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Fatty Fatty No Friends

Music by: Christian De Gré Cárdenas

Story by: Serrana Gay

Libretto by: Joseph Reese Anderson

Duration: 80 mins

Workshopped at the National Opera Center in NYC


Fatty Fatty No Friends original contemporary dark operetta is about a young boy

who is constantly teased for being overweight, is pushed too far, and decides to take horrifically delicious revenge on his bullies. A cautionary fable in the vein of Grimm’s Fairy Tales about the impact of bullying on both the tormented and the tormentor.



Tommy; chubby, tall, commanding presence, often teased, innocent, wide-eyed, sensitive, emotional; the boy who sits alone on the bus - Tenor

Emily; caring, studious, eager to fit in, bit of an odd duck, insecure, kind; the quirky girl who hasn't yet found her place in the world - Soprano

Feast, a voice in Tommy's head; a demonic manifestation of Tommy's hidden desires, darkness and rage. All consuming - Bass-baritone

Famine, a voice in Tommy's head; a demonic manifestation of Tommy's depression, isolation and fear. All depriving - Soprano

Bobby; valiant, fun, manipulative, eager, romantic; the charming guy who wants to impress - Baritenor

Sally; self-adoring, villainous, commanding, cunning, adored, imposing, deliciously mean; the popular girl with glossy lips who rules with an iron fist - Mezzo-soprano

Halle; sneaky, menacing, athletic, imposing; the girl who looks like the perfect student but is secretly torturing cats - Mezzo-soprano

Mark; weird, confident, abrasive, class clown, funny; the kid who proudly eats worms in the school yard - Tenor

Penny; short, excitable, fast, fierce, rides a red wagon that her twin brother Lenny pulls; the girl who pulls the fire alarm to watch a panic - Coloratura Soprano Lenny; tall, slow, jock, wears a kid leash that his twin sister Penny controls; the giant slumbering kid who hit puberty too soon - Bass

Orchestra: Piano


Bass Clarinet



Project Statement

This modern operetta, created by composer Christian De Gré, lyricist Joseph Reese Anderson, and based on the original short story by author Serrana Gay, is a searing look at the damaging effects of bullying and the desperate struggle for popularity. It provides a grotesque depiction of the manner in which an injured soul can be pushed over the edge.

As the story starts, we are introduced to Tommy as he wakes up at home and laments not only his significant size but also the impending school day. His ode to elastic provides some short-lived levity in an otherwise dark tale. If we are honest with ourselves, the cruelty of children striving for acceptance is something we all remember well, regardless of whether we were the target of such derision ourselves or not. Tommy’s tale is no exception, and as Tommy boards the school bus, we are quickly introduced to Tommy’s alternate name: Fatty.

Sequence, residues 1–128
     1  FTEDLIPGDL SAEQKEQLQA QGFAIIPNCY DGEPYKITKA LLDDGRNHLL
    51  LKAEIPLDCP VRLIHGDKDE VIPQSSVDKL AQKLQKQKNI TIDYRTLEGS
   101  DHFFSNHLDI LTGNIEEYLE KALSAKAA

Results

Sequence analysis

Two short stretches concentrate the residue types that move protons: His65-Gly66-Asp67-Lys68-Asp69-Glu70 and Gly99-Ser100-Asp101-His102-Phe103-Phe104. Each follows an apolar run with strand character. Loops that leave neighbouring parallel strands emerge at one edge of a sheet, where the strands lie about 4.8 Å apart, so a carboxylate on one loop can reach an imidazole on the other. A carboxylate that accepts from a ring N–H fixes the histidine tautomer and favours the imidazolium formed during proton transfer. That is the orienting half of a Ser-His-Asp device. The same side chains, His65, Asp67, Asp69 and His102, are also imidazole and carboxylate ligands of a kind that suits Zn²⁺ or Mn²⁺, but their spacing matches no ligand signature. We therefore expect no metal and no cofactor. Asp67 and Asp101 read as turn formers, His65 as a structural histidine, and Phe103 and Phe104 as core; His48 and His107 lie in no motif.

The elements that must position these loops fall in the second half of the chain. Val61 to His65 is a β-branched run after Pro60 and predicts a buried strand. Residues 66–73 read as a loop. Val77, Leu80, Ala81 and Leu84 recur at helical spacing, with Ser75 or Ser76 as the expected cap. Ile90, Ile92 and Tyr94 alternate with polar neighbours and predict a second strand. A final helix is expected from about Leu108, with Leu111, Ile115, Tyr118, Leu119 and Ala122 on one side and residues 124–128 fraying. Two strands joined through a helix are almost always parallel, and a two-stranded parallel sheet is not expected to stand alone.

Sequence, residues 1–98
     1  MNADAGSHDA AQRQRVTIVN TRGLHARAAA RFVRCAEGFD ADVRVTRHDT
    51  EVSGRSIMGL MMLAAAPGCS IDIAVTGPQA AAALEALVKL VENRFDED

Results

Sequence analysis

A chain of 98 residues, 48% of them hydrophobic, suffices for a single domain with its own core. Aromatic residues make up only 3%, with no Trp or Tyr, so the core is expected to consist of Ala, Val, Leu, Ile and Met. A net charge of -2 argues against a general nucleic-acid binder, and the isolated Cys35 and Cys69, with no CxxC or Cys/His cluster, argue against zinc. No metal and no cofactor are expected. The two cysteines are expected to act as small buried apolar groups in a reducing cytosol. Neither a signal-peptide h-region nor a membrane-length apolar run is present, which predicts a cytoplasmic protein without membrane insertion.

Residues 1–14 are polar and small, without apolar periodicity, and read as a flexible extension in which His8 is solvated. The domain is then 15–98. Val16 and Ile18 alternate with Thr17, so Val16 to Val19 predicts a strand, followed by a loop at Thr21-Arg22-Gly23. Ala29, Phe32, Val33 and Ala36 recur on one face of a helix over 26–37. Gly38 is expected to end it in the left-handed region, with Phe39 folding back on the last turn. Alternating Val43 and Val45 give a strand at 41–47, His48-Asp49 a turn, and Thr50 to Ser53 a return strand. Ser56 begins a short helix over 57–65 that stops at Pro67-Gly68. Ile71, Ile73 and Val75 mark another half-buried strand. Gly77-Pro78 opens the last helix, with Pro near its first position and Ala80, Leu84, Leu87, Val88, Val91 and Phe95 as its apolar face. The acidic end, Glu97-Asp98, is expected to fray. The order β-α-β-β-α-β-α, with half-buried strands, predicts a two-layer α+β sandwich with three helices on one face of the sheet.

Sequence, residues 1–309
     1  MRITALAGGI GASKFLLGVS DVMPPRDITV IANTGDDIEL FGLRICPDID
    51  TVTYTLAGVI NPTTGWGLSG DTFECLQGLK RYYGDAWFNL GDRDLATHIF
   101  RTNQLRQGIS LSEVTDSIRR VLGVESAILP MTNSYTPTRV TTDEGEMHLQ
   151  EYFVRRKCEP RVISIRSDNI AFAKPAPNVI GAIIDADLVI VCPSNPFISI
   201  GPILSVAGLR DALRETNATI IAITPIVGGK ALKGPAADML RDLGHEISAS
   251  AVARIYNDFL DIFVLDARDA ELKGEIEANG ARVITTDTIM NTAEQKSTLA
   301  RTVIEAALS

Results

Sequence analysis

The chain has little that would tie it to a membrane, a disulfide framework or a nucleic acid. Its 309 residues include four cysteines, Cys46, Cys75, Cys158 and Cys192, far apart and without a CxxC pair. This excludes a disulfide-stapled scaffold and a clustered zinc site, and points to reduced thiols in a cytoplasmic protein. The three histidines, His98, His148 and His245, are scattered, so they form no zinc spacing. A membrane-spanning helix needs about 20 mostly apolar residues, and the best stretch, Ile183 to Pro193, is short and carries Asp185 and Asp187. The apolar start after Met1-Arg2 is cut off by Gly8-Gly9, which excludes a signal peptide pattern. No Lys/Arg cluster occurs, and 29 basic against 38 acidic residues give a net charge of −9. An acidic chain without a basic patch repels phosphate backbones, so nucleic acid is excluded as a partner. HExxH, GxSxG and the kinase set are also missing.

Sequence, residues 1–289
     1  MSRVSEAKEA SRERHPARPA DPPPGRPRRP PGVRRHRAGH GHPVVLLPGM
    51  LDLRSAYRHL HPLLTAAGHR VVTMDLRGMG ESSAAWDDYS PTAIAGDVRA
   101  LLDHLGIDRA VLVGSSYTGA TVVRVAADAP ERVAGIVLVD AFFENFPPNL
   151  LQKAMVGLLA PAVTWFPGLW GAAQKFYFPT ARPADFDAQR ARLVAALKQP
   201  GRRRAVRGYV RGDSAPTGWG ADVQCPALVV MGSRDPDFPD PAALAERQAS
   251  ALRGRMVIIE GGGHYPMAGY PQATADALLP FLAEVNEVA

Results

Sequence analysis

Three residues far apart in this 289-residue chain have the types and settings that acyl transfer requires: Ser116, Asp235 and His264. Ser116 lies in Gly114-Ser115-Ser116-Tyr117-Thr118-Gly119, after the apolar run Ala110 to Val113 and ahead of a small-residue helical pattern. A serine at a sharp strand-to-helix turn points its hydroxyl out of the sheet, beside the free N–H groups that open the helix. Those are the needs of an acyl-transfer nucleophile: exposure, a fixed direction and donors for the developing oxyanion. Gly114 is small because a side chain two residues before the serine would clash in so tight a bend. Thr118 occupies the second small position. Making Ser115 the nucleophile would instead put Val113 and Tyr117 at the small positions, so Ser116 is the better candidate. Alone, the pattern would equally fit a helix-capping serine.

In fact, not one of the students with whom Tommy interacts knows his real name, with the exception of Emily, played by the adorable and capable Charly Dannis. Tommy’s self-image and self-confidence are ground into the dirt by the thoroughly imposing and authoritative Sally (Mia Thomas), whose lackeys echo her every sentiment. It seems that Tommy may finally break free from his crippling depression when Emily starts to genuinely befriend him, but alas, his skill as an artist actually spurs on Sally’s jealousy, causing her to sabotage the one friendship Tommy could have had. Sally plays upon Emily and Bobby’s insecurities, and Tommy is humiliated beyond what his fragile psyche can bear. From here, the story grows more grotesque (NOTE: this show is NOT recommended for young children!), as well as more metaphorical. There are child-shaped cookies, ghastly ghostly figures, suicidal implications, bright lights which would most likely be found at the end of a tunnel, and the ultimate lesson that one shouldn’t eat a bully, or anyone for that matter.

The orchestrations are complex and beautiful, and the lyrics, though sometimes repetitive, drive the message home aptly. Overall, Fatty is an operetta with tremendous heart, haunting melodies, engaging characters, gut-wrenching emotions, and valuable lessons, which should not be missed.




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